Disability Law Colorado Responds to Defeat of Bill Allowing Lengthy Time in Jail for People with Mental Illness
[May 11, 2018 | Denver, CO] On the final day of the Colorado legislative session, SB18-252 – a bill that would have allowed the Colorado Department of Human Services to house people with mental illness in jail for up to five months while attempting to restore them to competency to stand trial – was killed following a last minute filibuster by Colorado Senator Irene Aguilar.
Disability Law Colorado opposed SB18-252 because of grave concerns regarding the unconstitutional timeframes for people awaiting appropriate competency treatment. The legislation that died at the stroke of midnight Thursday would have forced people with mental illness not yet convicted of a crime to languish in jails across the state for up to 150 days while the state attempted to restore them to competency. After that, if the person had not been restored, the individual would go on a list to be moved to a bed at the state hospital.
Attempting competency restoration in jails, as opposed to therapeutic environments, for as long as 150 days does not comport with scientific evidence and is considered unconstitutional. Had SB18-252 passed, Colorado would have been the only state in the union to codify in-jail restoration. In 2017 the Colorado Legislature had the foresight to declare an end to the practice of using jails to house individuals in a mental health crisis, because jails are not the proper place for therapeutic treatment of people with mental illness.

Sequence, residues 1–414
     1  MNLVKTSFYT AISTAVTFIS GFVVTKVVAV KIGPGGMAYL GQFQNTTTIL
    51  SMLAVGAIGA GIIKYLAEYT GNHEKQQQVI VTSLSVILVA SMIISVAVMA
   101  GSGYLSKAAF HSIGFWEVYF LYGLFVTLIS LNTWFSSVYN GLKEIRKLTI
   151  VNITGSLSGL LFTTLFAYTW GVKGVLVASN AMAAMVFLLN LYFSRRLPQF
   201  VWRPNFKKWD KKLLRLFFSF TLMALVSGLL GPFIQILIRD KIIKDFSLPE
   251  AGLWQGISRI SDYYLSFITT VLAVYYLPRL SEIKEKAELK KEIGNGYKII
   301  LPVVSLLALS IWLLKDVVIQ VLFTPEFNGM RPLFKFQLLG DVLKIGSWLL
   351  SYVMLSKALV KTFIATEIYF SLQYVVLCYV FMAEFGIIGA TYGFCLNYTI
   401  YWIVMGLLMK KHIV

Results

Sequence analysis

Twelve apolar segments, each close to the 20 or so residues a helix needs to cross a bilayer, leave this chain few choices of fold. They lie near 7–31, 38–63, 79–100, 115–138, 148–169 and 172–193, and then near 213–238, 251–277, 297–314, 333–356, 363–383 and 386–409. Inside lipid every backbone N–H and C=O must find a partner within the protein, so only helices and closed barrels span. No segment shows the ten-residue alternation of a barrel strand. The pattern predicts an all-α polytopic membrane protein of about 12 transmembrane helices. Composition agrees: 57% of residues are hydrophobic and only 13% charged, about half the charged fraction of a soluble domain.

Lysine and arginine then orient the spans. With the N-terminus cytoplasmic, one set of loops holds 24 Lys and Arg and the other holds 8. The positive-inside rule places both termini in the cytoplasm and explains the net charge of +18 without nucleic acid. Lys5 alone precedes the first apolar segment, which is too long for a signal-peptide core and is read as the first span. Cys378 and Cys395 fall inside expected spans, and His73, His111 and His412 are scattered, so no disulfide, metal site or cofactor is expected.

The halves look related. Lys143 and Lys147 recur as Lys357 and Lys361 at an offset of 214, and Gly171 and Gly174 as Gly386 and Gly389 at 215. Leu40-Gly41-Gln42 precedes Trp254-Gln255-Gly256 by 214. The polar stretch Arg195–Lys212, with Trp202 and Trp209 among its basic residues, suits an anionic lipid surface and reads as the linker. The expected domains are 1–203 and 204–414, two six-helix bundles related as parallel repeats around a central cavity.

Disability Law Colorado viewed SB18-252’s use of jails to treat detainees in crisis as a giant step backward by the state. The Department used the misinformation that fines would be immediately levied upon the state as justification to rush this bill through the legislature in the final two weeks. In fact, it would likely take several years for any fine to be levied against Colorado and only if the state doesn’t act to reduce the waiting list. A trio of other bills supported by the organization will have immediate beneficial impact on this problem. If fines are imposed in future years, they would come as a requirement that the state fund community mental health services.
Mark Ivandick, managing attorney, said, “One would think that the pressure associated with the current federal lawsuit against the state by Disability Law Colorado for violating the terms of a settlement agreement would be a sufficient motivator to timely serve this population entrusted to its care, rather than pursuing legislation to avoid its responsibilities.”
Ivandick further stated “We hope that Senator Aguilar’s courageous support for vulnerable people will result in programs that do not rely on jails, but on community and inpatient options for people in a mental health crisis.”
About Disability Law Colorado: Disability Law Colorado, Colorado’s Protection & Advocacy System, works to protect and improve the human, civil and legal rights of people with disabilities and older people by embracing opportunities to work on ground-breaking issues that change systems and improve communities. To learn more, visit: www.disabilitylawco.org.